SOURCE: National Post (Canada)
An Ottawa historian’s discovery of a 19th-century manuscript previously unseen by scholars has shed new light on the 1867 unearthing of “Champlain’s Astrolabe,” the navigational instrument famously — though controversially — believed to have been lost by French explorer Samuel de Champlain during his pioneering journey up the Ottawa River exactly four centuries ago this year.The 13-centimetre-wide, 629-gram circle of brass, repatriated from a U.S. collection in 1989 for $250,000 by the Canadian Museum of Civilization, is widely considered one of country’s most important and evocative historical artifacts — though there is no direct proof it ever actually belonged to Champlain, the 17th-century founder of New France.And Carleton University historian Bruce Elliott’s discovery of an 1893 document penned by Capt. Daniel Cowley — an Ottawa Valley steamboat entrepreneur who had been a key part of the astrolabe saga when it was found 26 years earlier — appears to strengthen the case against Champlain’s ownership of the object....
SOURCE: Science (magazine)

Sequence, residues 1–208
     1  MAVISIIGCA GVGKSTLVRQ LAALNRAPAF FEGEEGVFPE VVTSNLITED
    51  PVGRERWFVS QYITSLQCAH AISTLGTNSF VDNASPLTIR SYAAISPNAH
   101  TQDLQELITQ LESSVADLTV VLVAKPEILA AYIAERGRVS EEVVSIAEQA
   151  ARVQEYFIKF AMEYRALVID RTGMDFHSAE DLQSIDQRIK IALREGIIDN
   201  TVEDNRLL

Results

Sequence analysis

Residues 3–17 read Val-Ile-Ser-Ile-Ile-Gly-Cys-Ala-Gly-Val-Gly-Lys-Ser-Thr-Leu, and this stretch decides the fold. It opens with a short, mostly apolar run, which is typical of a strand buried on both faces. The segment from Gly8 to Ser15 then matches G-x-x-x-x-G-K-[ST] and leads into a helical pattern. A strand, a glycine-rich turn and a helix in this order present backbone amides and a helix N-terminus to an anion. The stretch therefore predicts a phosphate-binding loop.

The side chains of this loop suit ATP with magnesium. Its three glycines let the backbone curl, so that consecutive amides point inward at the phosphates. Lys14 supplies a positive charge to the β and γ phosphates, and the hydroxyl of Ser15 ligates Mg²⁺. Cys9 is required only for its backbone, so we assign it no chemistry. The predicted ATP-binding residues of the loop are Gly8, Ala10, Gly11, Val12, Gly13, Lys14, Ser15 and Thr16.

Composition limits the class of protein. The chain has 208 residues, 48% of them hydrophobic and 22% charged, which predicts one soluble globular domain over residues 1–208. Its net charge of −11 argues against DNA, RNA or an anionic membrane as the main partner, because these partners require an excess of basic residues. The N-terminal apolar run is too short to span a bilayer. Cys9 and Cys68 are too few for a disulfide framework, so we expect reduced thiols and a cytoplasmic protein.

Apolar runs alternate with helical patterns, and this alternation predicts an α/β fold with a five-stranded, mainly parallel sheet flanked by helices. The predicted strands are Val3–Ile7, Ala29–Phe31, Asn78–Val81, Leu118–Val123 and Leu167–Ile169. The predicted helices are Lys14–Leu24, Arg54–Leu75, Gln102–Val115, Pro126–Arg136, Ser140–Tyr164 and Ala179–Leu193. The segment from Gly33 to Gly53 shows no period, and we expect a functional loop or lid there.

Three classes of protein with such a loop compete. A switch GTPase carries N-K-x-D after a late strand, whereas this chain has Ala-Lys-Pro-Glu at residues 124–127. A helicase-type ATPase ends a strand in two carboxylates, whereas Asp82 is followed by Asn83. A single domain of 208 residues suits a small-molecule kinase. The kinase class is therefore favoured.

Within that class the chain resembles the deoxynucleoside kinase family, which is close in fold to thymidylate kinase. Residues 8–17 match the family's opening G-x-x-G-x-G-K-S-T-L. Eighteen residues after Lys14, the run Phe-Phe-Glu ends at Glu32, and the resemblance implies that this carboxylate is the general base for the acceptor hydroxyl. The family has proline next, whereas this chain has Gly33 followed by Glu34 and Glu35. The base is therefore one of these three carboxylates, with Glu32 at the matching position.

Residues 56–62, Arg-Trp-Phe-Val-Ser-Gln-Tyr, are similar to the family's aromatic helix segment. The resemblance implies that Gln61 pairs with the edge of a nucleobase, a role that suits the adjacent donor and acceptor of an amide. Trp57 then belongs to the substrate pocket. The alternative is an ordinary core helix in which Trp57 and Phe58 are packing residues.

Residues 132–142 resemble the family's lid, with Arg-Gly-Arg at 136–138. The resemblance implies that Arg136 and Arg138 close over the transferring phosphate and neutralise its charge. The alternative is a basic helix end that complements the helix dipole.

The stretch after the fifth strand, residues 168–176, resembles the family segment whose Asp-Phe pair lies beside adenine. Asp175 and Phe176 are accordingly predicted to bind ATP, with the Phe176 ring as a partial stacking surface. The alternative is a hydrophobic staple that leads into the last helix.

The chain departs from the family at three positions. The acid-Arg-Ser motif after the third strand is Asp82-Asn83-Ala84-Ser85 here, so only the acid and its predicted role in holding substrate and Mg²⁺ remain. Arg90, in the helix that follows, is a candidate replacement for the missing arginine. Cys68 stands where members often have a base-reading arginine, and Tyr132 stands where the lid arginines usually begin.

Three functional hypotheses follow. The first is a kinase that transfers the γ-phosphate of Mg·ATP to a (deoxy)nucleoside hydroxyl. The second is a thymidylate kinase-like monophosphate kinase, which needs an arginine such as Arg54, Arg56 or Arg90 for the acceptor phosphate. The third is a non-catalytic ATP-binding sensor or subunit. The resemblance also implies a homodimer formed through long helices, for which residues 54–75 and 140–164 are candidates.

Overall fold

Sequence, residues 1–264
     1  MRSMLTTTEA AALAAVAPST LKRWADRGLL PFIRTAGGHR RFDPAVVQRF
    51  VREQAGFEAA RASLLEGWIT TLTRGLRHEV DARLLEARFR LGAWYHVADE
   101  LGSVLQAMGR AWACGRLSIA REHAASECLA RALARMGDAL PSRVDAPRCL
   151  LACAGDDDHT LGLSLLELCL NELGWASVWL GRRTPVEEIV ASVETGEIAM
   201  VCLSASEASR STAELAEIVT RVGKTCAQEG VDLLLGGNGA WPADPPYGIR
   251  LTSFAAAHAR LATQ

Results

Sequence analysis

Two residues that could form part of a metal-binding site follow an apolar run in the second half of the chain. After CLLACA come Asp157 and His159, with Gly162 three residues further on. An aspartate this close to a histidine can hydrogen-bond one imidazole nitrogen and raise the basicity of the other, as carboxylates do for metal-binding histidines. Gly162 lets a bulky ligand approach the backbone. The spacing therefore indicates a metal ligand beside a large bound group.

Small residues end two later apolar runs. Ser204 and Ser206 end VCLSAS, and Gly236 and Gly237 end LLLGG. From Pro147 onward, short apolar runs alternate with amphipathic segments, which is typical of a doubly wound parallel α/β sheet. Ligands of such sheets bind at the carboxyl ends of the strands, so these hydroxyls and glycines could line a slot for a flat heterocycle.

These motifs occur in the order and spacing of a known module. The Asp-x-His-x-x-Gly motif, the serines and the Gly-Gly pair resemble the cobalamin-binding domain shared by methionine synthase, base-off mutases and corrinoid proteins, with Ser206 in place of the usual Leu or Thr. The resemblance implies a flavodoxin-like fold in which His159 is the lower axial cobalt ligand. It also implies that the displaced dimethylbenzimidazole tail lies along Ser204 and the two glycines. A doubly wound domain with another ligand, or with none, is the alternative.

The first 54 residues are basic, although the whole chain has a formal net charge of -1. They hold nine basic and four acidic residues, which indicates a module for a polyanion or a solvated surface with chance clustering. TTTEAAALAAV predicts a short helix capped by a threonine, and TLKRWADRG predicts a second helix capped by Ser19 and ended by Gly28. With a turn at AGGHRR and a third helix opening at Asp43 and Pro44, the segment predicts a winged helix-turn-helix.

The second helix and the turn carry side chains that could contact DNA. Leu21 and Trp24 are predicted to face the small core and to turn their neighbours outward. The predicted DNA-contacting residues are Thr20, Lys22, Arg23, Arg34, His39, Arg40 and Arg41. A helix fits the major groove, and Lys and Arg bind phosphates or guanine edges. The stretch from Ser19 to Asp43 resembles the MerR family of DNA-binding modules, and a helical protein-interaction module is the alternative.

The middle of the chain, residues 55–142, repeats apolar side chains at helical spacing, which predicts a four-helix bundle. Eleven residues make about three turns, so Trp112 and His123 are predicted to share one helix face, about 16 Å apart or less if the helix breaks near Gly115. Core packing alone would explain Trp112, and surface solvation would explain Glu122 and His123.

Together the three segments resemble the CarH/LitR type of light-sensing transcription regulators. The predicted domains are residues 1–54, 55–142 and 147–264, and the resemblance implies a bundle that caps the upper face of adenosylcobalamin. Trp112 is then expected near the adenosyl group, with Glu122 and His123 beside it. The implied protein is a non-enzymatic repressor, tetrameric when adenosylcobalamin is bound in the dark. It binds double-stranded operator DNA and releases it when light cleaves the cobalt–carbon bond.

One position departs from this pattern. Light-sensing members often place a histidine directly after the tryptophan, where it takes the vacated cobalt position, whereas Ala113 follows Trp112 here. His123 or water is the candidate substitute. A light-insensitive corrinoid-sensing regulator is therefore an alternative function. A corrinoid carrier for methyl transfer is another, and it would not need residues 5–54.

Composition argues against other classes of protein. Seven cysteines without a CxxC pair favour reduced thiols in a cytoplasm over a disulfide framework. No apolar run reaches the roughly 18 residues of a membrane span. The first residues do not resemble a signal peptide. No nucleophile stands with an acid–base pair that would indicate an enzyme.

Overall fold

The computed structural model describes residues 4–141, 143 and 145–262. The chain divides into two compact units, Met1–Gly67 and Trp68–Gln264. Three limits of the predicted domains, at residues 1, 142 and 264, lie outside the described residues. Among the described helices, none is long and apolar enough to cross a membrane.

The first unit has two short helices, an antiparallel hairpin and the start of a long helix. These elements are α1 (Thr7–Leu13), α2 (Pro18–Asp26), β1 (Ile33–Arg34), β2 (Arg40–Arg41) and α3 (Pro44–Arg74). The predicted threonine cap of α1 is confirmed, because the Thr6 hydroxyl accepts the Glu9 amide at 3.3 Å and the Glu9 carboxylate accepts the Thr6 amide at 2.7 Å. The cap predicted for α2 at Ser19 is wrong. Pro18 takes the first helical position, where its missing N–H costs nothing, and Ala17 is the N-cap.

Europeans raced across oceans and continents during the Age of Exploration in search of territory and riches. But when they reached the South Pacific, they found they had been beaten there by a more humble traveler: the sweet potato. Now, a new study suggests that the plant's genetics may be the key to unraveling another great age of exploration, one that predated European expansion by several hundred years and remains an anthropological enigma.Humans domesticated the sweet potato in the Peruvian highlands about 8000 years ago, and previous generations of scholars believed that Spanish and Portuguese explorers introduced the crop to Southeast Asia and the Pacific beginning in the 16th century. But in recent years, archaeologists and linguists have accumulated evidence supporting another hypothesis: Premodern Polynesian sailors navigated their sophisticated ships all the way to the west coast of South America and brought the sweet potato back home with them. The oldest carbonized sample of the crop found by archaeologists in the Pacific dates to about 1000 C.E.—nearly 500 years before Columbus's first voyage. What's more, the word for "sweet potato" in many Polynesian languages closely resembles the Quechua word for the plant....
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